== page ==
Steve Black: I think there are two separate ideas here that need to be unpacked: distancing through performance, and distancing by use of biomedical terminology. Rather than simply distancing, I think that performance (joking/ singing about HIV) was a form of collectivizing, of sharing responsibility for authorship of communication about HIV. From the perspective of the individual as a bounded unit this was indeed a kind of distancing, and I do argue that this was one of the reasons that such modes of intersubjective engagement were effective in maintaining long-term support amid stigma. However, especially in the context of Zulu traditions that emphasized duties and respect toward kin and community (see also my response to your final question), joking and singing were ways of communicating about HIV that were more connected to Zulu traditions (especially singing). I think that these connections to Zulu traditions and Zulu ideologies of personhood made joking and singing appropriate ways of enacting support for choir members. Also, joking and singing may have been helpful because they were fun and celebratory, a way to maintain a positive outlook in the midst of stigma and the threat of illness and death.
I think that the use of English biomedical terminology was both a distancing device and an embrace—a distancing from aspects of Zulu tradition that were stigmatizing and an embrace of the power of biomedicine (which was also part of South African approaches to care). Significantly, isiZulu was not necessarily the “first” language for all group members (I have some critiques of the term ‘mother tongue’ that I will save for another time). For those who grew up in the townships, especially, English was always a part of their linguistic repertoire. True, English borrowings in isiZulu were marked as foreign, but foreign does not necessarily mean unfamiliar. At the same time, while biomedicine has long been a part of Black South African life, it was not seen as part of Zulu/ African traditions.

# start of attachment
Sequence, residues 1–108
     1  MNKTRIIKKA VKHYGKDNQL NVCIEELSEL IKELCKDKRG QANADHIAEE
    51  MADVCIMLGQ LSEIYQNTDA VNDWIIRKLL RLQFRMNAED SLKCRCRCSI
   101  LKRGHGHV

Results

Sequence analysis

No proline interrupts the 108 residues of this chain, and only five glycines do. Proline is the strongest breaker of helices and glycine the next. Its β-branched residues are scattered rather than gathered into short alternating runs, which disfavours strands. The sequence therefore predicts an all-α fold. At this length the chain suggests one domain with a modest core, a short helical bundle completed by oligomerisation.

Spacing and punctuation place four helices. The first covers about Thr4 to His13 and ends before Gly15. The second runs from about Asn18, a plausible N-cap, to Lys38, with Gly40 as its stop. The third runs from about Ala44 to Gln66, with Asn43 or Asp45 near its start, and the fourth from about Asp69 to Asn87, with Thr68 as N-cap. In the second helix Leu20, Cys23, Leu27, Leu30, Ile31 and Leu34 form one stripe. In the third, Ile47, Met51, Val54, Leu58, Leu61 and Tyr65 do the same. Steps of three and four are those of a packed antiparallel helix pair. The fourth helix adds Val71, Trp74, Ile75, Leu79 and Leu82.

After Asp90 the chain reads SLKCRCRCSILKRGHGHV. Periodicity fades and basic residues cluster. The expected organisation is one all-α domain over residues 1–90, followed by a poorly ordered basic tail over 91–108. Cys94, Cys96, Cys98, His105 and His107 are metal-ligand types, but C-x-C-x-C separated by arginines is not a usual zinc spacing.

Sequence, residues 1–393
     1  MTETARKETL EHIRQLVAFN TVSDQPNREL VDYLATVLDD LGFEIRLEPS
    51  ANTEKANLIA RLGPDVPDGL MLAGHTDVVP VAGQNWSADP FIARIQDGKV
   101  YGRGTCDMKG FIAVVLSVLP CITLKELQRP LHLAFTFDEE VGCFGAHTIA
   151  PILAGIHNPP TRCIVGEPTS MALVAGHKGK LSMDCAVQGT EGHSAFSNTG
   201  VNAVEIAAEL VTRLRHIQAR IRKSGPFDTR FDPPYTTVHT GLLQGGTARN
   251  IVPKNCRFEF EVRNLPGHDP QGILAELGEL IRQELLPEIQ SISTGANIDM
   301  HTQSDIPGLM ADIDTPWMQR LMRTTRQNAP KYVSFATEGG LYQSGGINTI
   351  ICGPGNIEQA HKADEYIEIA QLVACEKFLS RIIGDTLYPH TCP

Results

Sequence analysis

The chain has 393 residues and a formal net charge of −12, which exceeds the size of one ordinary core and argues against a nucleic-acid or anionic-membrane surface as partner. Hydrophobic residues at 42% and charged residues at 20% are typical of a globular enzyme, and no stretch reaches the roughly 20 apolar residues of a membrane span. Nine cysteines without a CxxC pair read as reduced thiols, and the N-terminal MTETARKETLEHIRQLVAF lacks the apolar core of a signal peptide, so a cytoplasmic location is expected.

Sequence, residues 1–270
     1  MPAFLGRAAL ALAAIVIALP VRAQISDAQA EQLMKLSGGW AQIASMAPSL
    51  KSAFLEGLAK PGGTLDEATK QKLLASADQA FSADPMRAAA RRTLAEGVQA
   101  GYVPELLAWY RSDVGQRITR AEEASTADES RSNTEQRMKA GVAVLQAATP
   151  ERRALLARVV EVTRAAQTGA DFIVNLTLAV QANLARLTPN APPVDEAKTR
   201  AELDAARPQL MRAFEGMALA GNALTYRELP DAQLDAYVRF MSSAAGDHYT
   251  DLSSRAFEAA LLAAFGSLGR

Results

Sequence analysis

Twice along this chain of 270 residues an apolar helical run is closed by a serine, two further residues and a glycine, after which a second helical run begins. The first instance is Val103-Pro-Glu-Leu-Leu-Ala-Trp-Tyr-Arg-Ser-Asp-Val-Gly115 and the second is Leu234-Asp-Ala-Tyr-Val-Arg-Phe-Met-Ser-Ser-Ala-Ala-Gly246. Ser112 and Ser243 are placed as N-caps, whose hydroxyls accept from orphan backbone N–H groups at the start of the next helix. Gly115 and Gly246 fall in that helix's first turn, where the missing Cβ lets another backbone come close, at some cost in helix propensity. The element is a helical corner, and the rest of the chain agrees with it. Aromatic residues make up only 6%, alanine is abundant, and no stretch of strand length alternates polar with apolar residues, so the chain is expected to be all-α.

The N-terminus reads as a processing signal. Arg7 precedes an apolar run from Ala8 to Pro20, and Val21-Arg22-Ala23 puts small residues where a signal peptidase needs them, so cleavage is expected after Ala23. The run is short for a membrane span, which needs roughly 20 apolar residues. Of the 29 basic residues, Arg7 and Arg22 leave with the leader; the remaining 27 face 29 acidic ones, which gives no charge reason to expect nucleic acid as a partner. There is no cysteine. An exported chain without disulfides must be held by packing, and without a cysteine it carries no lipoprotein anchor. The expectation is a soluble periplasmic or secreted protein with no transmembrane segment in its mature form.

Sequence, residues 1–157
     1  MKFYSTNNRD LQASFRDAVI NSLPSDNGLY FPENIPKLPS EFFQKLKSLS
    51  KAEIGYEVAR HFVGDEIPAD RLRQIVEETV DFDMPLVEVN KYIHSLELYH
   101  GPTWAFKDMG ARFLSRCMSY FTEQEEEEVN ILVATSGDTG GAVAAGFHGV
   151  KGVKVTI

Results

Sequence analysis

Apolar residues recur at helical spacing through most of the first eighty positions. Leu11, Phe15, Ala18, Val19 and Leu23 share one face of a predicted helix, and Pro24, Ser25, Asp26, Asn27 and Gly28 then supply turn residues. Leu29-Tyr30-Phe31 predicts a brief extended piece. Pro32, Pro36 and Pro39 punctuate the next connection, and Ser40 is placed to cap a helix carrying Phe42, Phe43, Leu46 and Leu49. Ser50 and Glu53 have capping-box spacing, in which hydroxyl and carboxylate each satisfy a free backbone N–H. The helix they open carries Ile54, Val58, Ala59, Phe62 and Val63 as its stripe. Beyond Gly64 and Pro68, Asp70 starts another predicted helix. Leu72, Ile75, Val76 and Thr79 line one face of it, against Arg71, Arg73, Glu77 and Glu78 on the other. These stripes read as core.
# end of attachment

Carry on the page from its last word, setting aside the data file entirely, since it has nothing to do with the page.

Conceptually, here I draw from Judith Irvine’s discussion of the place of Khoi San languages and speakers in pre-colonial Nguni (southern African) contexts. Historical linguistics scholarship indicates that in the past, click consonants were part of Khoi San languages—languages spoken by hunter-gatherer groups in southern Africa for thousands of years. Around 3000 years ago, agriculturalists began to migrate to southern Africa from the north, bringing Nguni languages (without click consonants) with them and initiating a period of linguistic and cultural contact. Irvine theorizes the process by which click consonants were eventually incorporated into isiZulu and other related languages. She argues that Khoi San languages (which included numerous click consonants) and those who spoke them were ideologically positioned as foreign in pre-colonial southern Afrca. However, this positioning ignored the reality that Khoi San persons regularly worked (for example, as herders) for Nguni-speaking agriculturalists. Even though clicks were ideologically foreign, this ideology masked complexities of socio-economic inequities and exchange. In parallel, even though English medical terminology was positioned as ideologically foreign to Zulu tradition, that ideology masked the inequities and history of cultural contact that ensconced biomedicine in South Africa. Using English medical terminology was thus also both a distancing and an embrace. It was a distancing from certain aspects of Zulu tradition, especially those linked to ideas about witchcraft and spiritual pollution. However, it was also an embrace of the power of biomedicine, which had long been a part of South African colonial/ apartheid/ post-apartheid life, even while being ideologically positioned as foreign.
Yeon-Ju Bae: I wonder what happens after the activist choir group disbanded after you had finished your fieldwork—where do they find support, do they still value disclosure, how do they take care of themselves, and how are they striving and living?
Steve Black: The choir did indeed disband after my fieldwork, though their network of support persists. They talked about reorganizing as a looser group of activists pursuing distinct projects, and while they have not maintained any formal organization, I think in a sense they have maintained their social connections to one another and continued their activist projects. In general, so much has changed in South Africa since 2008. In 2010, the South African government launched nationwide testing initiatives, and as of 2018 the country claims that over ninety percent of infected individuals know their status. Pre-exposure prophylaxis (PrEP) is also increasingly available. Stigma remains a significant barrier, but not to the same extent as when the choir was first created in the late 1990s (at a time when ARVs were not available and the South African government was largely refusing to engage with the epidemic). I keep in touch through Facebook, primarily, but I cannot really speak to what many choir members are doing in their lives now—though I know that at least one group member continues to work for an HIV/AIDS treatment and counseling organization. My general impression is that former choir members are doing well and just trying to live their lives to the fullest. This is actually quite amazing given that in the late 1990s, when group members were infected, most South Africans including healthcare workers thought an HIV positive diagnosis was a death sentence.